West Denton Primary School Cycle Case Study- 7/12/20
Why did you want to develop cycling in your school?
As someone who enjoys riding bikes (Road and trail), trail running, practising outdoor pursuits and spending time outdoors, I appreciate the many benefits for your emotional, mental and physical wellbeing from being outside with nature. Cycling gives people the freedom and independence to explore their local area and further afield, whilst keeping fit at the same time. For me, cycling is the perfect antidote to spending time indoors staring at a plastic screen. A family or a group of friends can have a great day out on two wheels: They can explore their local area, enjoy a picnic together, talk freely and also make happy memories for each one of them. It is strange that many people are prepared to invest in the latest must-have smart phone which will become outdated in a few years’ time; yet struggle to see the many benefits of investing in a ‘Bike for Life’, which can provide decades of pleasure; if given just a little TLC.
At West Denton Primary School (WDPS) cycling is embedded into curriculum time. Cycling gives every child confidence and helps them to develop the self-belief that they are capable of achieving goals in whatever they set their mind to. That is why at WDPS cycling is a key element of our wider outdoor learning curriculum.
What were the key elements that made bike4health stand out from other companies?
Dave Buchan and the bike4health team have the same passion and positive energy for cycling that I have. They appreciate the importance of promoting positive mental health for all people and they are friendly, professional and resilient in providing a bespoke service that meets the needs of the individual school.
How are you using your multi-purpose track and bikes?
The WDPS Running and Mountain Bike Trail was the first multi-use trail in Newcastle upon Tyne and it was created so that all children can develop fitness and essential bike-handling skills all year round. WDPS students receive cycling lessons on a rota basis during curriculum time and they also learn basic bike maintenance. We also undertake off-site rides building up to our Y5 and Y6 children completing multi-day cycle tours in the summer term.
WDPS Cycle Tours have included the following:
Tour de Northumberland
A 135 mile cycle challenge which allowed our children to develop life skills and at the same time appreciate the stunning North-East countryside.
Day 1. WDPS to Bellingham
Day 2. Bellingham to Kielder
Day 3. Kielder to Rothbury (via Kielder Forest Drive then the ascent over the Otterburn Ranges)
Day4. Rothbury to WDPS
Working in partnership with Bike4Health, this was an epic achievement for all of the children and adults.
The Sandstone Way is a 120 mile mountain biking route between Berwick upon Tweed and Hexham along the Sandstone Ridge in North Northumberland linking numerous sandstone features, crags and outcrops. The route traverses through an amazing ever-changing landscape which is rich in history, geological features and iconic scenery.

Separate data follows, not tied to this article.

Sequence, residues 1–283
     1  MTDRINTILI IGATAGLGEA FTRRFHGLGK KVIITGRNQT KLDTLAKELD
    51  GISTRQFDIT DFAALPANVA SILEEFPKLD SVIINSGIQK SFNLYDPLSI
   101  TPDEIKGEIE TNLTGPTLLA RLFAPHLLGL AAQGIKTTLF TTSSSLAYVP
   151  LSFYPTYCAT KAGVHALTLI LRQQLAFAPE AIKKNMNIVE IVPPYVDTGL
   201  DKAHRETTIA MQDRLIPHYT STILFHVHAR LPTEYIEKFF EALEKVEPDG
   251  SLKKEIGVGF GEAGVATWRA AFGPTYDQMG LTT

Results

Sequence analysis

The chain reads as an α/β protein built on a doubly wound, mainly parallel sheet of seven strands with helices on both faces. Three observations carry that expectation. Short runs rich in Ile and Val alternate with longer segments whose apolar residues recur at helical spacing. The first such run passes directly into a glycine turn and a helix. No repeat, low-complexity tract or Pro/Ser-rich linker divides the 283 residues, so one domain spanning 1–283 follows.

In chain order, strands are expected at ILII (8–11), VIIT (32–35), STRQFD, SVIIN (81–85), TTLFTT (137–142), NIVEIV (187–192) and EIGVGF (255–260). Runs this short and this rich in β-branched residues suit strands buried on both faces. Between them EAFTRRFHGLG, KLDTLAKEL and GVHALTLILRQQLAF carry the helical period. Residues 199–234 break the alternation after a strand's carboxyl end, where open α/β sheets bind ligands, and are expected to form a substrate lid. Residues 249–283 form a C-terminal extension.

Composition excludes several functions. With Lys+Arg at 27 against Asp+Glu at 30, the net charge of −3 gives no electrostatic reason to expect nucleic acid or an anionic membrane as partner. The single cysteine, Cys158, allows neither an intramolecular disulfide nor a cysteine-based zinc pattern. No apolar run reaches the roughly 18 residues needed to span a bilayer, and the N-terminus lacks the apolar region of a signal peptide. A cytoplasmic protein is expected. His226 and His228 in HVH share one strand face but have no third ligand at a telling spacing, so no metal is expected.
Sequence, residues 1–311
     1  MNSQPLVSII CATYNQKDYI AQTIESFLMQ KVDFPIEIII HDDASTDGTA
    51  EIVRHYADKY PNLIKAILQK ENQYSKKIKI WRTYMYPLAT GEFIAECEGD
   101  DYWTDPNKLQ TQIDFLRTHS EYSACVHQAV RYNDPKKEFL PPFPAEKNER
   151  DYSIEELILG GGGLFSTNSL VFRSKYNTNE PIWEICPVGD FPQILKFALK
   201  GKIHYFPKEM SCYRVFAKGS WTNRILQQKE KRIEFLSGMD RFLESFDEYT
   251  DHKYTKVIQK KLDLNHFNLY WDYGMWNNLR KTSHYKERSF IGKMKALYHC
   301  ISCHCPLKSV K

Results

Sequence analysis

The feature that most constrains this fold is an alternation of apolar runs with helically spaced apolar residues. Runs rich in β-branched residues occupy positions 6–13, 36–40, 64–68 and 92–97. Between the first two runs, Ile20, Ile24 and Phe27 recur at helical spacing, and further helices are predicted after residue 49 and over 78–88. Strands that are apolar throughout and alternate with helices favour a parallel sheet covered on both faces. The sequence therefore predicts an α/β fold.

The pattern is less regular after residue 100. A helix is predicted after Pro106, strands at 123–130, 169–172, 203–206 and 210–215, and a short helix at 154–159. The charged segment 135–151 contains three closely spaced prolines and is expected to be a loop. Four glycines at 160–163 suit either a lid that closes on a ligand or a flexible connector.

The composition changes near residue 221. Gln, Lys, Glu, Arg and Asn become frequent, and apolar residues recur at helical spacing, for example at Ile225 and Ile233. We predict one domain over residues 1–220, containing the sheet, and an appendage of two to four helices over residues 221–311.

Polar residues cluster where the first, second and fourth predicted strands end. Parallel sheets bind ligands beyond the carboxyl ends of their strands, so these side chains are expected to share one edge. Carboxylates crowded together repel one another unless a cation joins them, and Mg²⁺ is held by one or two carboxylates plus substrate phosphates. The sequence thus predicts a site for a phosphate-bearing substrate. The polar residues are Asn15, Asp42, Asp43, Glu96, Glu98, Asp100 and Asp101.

Bellingham Loop and Kielder Reservoir
This is a beautiful trip from WDPS up to Bellingham on the edge of Kielder Reservoir. The students also get to develop bushcraft skills as well as cycle around sections of or around the whole of the reservoir.
WDPS Tour de Hollande
Without doubt this is a real cultural treat for students and adults alike. After cycling from WDPS to the Port of Tyne, the night is spent on the ferry to Holland. The next 2 days are spent cycling around Amsterdam and experiencing a healthy culture where cycling is the normal mode of transport for all. The students cycle past tree-lines canals, container houses, beautiful buildings, central parks, a national park and rural, industrial and urban areas. It is a treat for all the senses.
What are the biggest benefits you have seen for the children?
Our children develop confidence, empathy, tolerance and resilience and take real pride in their many accomplishments. Cycling is a great leveller as children and adults of all shapes, sizes and fitness levels can travel through this amazing natural and man-made world and celebrate together the extraordinary in the ordinary.
Can you share any practice insights you have gained?
Each week when I see children around the school, they are always keen to tell me two things: Firstly, how they have helped the special adults in their life at home and secondly where they have been on their bike outside and any other types of exercise they have taken part in. Staff also comment on how more engaged the children are back in the classroom when the children return from a cycling, allotments or bushcraft learning experience outdoors.
The crux to developing a cycling or any outdoor learning culture in a school is to harness the energy of enthusiastic staff who will drive creative learning forward through sweat, determination and hard work. It is also imperative that the Head Teacher is passionate about the benefits of healthy, outdoor learning for all.